by Lynn Eldridge, MD
This was originally published at
About.com on March 6th, 2012.
We know there's a stigma attached to lung cancer. The first words anyone speaks to someone with lung cancer often makes that too clear. "How long did you smoke?" Can you imagine asking someone with breast cancer how long they were sedentary, or how long they ate a high fat diet? I hope not. That would be depressing...
Knowing that depression is common in people with lung cancer1, and depression occurs more frequently than it does in people with other forms of cancer, researchers set out to see if the stigma of lung cancer might play a role.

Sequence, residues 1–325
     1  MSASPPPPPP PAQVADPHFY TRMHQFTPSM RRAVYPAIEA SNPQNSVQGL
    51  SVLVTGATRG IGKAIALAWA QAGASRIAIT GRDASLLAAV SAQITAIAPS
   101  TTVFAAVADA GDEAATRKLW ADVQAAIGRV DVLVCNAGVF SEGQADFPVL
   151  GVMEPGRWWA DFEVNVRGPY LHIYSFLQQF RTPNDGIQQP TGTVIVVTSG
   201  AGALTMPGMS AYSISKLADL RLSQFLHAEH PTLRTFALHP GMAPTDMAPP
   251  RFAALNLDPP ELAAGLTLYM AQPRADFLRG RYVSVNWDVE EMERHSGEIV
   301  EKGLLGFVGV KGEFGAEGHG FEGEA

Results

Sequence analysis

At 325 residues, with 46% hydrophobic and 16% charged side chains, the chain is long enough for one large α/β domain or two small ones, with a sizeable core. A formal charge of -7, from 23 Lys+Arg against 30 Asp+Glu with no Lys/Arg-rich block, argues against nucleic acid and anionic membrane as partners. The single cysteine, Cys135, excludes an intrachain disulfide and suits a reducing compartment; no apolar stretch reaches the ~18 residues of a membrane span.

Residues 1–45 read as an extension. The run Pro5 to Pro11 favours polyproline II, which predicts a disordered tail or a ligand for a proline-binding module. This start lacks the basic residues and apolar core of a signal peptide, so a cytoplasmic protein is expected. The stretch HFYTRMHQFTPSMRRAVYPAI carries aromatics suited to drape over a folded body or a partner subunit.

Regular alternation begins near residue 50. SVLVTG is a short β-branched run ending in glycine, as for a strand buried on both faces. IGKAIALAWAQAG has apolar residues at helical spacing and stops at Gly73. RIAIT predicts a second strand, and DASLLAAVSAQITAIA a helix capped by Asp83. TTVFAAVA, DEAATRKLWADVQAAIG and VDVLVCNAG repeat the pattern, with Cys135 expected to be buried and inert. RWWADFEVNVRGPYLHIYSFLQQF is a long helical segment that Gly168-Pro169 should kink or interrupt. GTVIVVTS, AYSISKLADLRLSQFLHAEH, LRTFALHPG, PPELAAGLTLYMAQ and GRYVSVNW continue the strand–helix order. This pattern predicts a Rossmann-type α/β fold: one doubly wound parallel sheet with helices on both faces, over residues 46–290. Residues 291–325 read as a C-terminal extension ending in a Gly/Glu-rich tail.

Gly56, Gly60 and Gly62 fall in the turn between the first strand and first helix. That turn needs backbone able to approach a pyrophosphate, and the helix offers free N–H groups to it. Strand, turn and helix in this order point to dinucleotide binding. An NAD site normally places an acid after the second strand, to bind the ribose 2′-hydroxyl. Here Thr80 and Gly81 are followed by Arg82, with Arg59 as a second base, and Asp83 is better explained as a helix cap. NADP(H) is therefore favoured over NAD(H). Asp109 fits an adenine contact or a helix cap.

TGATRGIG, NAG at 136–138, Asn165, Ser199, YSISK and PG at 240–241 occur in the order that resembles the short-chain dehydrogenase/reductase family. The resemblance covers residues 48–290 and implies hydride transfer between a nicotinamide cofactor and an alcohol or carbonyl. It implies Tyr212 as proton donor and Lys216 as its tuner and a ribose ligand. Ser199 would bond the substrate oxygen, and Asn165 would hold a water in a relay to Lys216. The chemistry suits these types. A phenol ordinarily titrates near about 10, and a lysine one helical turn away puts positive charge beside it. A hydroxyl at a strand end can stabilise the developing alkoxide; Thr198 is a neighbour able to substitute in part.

Their answer was what they expected. There was a significant link between the stigma associated with lung cancer, and depression.
Knowing this, they recommend further research designed to see if eliminating the stigma could subsequently reduce the incidence of depression of people living with lung cancer.
But even if that's not the case -- even if reducing the stigma doesn't reduce depression - the stigma of lung cancer needs to be stamped out. Nobody deserves lung cancer.